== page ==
Holiday Reflection

tnews is reporting this economic crisis as shaking down from the upper echelons of corporate power, but I feel it rumbling up through our foundations, souls of displaced indigenous warriors and runaway slaves, a spiritual reckoning that can't be bought out, smoothed over.

By Adrienne Maree Brown Oct 14, 2008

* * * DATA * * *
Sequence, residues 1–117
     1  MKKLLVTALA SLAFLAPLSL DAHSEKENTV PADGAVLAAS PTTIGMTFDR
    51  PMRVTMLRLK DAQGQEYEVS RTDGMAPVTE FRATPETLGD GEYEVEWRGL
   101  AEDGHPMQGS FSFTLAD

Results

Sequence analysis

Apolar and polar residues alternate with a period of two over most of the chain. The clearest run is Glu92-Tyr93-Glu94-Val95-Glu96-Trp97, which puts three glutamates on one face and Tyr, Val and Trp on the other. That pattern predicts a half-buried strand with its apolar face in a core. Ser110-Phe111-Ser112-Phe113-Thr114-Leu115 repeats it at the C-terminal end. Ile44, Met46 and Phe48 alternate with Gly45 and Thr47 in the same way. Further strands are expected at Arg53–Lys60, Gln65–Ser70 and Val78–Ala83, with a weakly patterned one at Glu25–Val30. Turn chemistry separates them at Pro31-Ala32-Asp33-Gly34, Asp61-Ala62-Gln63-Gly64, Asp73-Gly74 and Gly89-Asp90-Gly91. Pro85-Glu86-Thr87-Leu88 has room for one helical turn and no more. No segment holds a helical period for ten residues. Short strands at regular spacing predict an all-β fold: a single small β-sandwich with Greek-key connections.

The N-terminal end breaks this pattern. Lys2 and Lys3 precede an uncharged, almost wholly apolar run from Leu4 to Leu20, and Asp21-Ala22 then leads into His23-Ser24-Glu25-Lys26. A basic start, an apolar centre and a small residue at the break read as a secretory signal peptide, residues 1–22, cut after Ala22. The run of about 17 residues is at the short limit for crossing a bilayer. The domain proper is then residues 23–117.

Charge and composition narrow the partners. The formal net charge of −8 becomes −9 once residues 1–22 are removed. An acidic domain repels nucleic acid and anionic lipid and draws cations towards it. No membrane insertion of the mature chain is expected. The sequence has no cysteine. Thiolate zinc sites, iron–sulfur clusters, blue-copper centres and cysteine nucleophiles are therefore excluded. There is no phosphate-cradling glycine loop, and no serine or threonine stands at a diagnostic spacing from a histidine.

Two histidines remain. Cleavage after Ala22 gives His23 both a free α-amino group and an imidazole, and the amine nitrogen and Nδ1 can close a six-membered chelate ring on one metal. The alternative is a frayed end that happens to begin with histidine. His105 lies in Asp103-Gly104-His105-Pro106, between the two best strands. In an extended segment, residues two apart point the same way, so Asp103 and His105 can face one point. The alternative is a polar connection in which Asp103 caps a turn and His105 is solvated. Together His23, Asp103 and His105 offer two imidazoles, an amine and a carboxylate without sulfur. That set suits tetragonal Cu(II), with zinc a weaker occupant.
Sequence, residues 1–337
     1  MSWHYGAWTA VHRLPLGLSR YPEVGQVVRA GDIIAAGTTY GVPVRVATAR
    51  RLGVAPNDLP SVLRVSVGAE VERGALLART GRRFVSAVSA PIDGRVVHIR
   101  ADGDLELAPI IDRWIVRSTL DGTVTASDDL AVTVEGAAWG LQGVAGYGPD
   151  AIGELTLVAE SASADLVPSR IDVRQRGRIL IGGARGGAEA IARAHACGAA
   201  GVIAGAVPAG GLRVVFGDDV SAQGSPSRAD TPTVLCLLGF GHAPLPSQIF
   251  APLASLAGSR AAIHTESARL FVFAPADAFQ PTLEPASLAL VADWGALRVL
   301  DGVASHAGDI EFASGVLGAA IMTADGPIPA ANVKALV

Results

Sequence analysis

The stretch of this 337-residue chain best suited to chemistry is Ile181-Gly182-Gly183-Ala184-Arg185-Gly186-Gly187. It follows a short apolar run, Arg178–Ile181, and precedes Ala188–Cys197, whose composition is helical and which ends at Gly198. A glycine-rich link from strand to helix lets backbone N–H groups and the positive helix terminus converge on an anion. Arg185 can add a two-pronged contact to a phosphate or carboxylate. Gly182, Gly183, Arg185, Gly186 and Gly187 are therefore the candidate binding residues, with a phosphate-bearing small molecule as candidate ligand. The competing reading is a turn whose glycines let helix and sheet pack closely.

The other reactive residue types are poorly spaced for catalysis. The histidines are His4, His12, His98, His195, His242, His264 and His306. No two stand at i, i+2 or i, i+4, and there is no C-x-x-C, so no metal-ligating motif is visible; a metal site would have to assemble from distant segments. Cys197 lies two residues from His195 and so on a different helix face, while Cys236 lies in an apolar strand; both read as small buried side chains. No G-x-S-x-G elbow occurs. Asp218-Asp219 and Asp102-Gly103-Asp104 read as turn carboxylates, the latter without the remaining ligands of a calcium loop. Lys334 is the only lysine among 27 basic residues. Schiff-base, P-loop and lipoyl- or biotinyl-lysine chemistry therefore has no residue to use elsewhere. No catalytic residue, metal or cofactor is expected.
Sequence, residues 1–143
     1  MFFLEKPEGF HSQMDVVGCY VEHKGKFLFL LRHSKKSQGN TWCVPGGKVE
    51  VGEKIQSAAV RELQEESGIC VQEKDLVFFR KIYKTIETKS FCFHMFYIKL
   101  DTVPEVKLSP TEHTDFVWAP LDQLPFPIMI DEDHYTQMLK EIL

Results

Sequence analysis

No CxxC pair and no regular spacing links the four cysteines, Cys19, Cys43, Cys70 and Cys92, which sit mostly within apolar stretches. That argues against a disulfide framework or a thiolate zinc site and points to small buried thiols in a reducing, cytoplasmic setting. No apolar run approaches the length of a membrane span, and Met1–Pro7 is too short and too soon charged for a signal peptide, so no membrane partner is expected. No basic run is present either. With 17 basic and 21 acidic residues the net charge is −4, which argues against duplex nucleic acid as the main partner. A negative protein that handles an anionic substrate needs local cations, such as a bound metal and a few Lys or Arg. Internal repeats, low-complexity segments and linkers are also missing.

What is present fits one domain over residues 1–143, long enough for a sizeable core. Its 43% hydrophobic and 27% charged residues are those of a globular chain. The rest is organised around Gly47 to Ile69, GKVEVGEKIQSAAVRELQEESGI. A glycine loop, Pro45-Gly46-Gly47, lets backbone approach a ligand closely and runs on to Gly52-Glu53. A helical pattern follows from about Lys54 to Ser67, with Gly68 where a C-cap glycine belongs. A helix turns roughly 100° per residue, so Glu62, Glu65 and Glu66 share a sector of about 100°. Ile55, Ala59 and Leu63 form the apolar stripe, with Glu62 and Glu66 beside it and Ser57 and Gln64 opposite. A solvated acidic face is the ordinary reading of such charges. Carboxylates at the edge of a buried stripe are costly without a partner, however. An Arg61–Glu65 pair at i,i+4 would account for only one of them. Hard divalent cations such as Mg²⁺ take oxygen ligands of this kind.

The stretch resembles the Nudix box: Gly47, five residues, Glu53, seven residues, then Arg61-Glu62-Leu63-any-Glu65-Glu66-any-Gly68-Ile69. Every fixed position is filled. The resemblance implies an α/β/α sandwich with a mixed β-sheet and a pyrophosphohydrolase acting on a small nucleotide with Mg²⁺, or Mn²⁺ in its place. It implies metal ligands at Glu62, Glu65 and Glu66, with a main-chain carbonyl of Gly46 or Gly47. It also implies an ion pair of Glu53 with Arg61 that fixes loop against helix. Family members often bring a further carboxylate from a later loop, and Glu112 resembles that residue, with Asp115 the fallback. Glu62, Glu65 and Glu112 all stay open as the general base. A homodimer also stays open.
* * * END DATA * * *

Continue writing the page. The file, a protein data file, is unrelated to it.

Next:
A country tells so much about itself through it’s national holidays. The stories from the heart of the country are evidenced in those celebrations. Yesterday, on most calendars, is Columbus Day in the U.S. Some calendars call it Indigenous People’s Day. I have echoes of how I celebrated this day as a child in Department of Defense schools. Dressed up for the occasion, I often joined the other non white kids to play a little Indian with my hair in braids, sometimes called Pocahontas. The day was taught, as many American myths are, as "history": In 1492 Columbus sailed the ocean blue, then he had an awesome picnic with the Indians, who subsequently started scalping white people in caravans of wagons while screaming, and now we’re here! I’d like to say I intuited that something was wrong with the story, but memory says I bought it all. I wasn’t exactly patriotic, but there were good guys and bad guys, and at that point white people were usually the good guys. I had some scarring middle school experiences with race in a small Georgia town, and my heart began to attempt the reconciliation of the violence and racism I’d experienced at the hands and mouths of white kids with the identity of whiteness I’d seen modeled by my mom. That reconciliation is still in progress and I am writing much more on that specifically so stay posted. But about that time, I had a teacher shift the whole frame, tell me about imperialism and manifest destiny, about how unfunny the mistake of Columbus was, about the shady dealings and violence and smallpox and ultimately the attempt to erase the "savage" spirit wherever it existed in the world. This came as a one-two punch, with a huge breakdown of slavery, which had been fairly glossed over up to this point, oversimplified. I learned of Northerners having slaves, and the economic factors in ending slavery. I was as devastated by all of this as I had been when I learned of the Holocaust in Germany, where I spent most of my life growing up. In Germany, I’d felt a specific and curious fear…these people had killed Jews and Gypsies and anyone else they didn’t like, gathered them up and gassed them and burned them? I would stare little old Germans down, but in the town center where the Neo-Nazi kids would gather and harrass us, I ran. Learning about the genocide of Indigenous people and the enslavement of my ancestors clicked something open for me. The past was not that long ago, and those who thrived in this modern society were in fact still benefiting from those injustices. I realized that given the right political conditions, I and the ones I love could become the prey, the workforce, the "over" in an overpopulation scenario, the other when difference creates fear. It has happened before, it is happening now. Living in New York during 9/11 and in the U.S. since then I have watched the continuing practice of creating others – Arabs, immigrants – and gathering them, disappearing them. So I went through the beginning of my real politicization. With these new eyes I could see the efforts of imperialism everywhere, I used the word too much in trying to piece it all together. In history I saw a long a painful story of the human need to conquer, torture, control and eradicate each other. I actually couldn’t find a point in history without slavery and suffering. The impact of having had personal experiences of being treated horrifically for the race and gender I was born to, combined with this politicization, uttered a hopelessness into my spirit that I wrestle with to this day. It also opened up a new field of interest: redemption. How had societies ended their murderous moments? The answer was usually that economics forced a new reality, and that any moral imperative was often an afterthought. There were stories of good people, abolitionists, resisters – but rarely were those people ever in power. More often than not we make a big to-do about changing the wording, the policies even, turn it into an official holiday, and then find new and innovative ways to continue the human practice of enslavement and genocide through militarization and prisons and preemptive wars. Nowadays I don’t use these terms often because they often equate an oversimplified analysis, when each of the ideas is so vast and unresolved. We need new words, but only if they come with new realities. Today we live in a country with a public identity of being post-slavery, post-Holocaust, post-genocide in a world that is beginning to see us much more clearly. With the U.S. prison system and constantly growing militarization in our schools and communities; the walls and checkpoints we’re funding and building on our border with Mexico, and in other parts of the world such as Israel; the violence in places such as Darfur and Tibet, which we enable in our economic partners by continuing to shake on business deal no matter how bloody their hands get; the ongoing tragedies in Afghanistan, Iraq; the reality of global climate change creating unlivable circumstances for largely poor and non-white communities worldwide; its hard to see that anything has changed or could get better. The difference is that we have access to the history, and we have up to the minute news of what is happening. And we have economic moments that expose our drifting morality. On this Columbus Day, the American economy is crashing down all around us. The new imperialists of the global marketplace – where the dirtiest work can be done in a suit and tie – have overextended their reach. The foundation of our nation was such a bloody bad business, the truth never acknowledged, the history books never updated, the damage never reconciled. tnews is reporting this economic crisis as shaking down from the upper echelons of corporate power, but I feel it rumbling up through our foundations, souls of displaced indigenous warriors and runaway slaves, a spiritual reckoning that can’t be bought out, smoothed over. I have learned to call it Indigenous People’s Day, and for me it is a day of mourning and reflection on the impacts of imperialism on indigenous people everywhere: for those cut off from their land, those moved off of it, those murdered on it, those whose resources are siphoned away or violently taken until their land is unlivable, those moved elsewhere, those schooled that they are inferior, those whose culture is taken away intentionally, those who see the values and survival knowledge of their ancestors pulled away in tidal waves of vacuous consumer culture, and those who have tried to put down roots in a new land and now find their homes worth nothing. It’s time to meditate on a new story, a new future, a world in which indigenous knowledge is valued in the development of policy, in which smaller sustainable communities rise up out of the failure of the impossible dream-destiny of superpower. That failure is economic, and moral – evidenced in all the ways we are not providing life, liberty and an opportunity to each person here. We must do so much better. I am honored to support the work of the Indigenous People’s Project at Ruckus, and see real resistance and vision firsthand up on the Klamath, at the Tar Sands, in Alaska, in New Mexico and Arizona and South Dakota; and I ask you to join me in that support. I am one of many who are shifting the myths of yesterday towards the visions of a tomorrow where we go beyond survival towards spiritual, moral and economic evolution.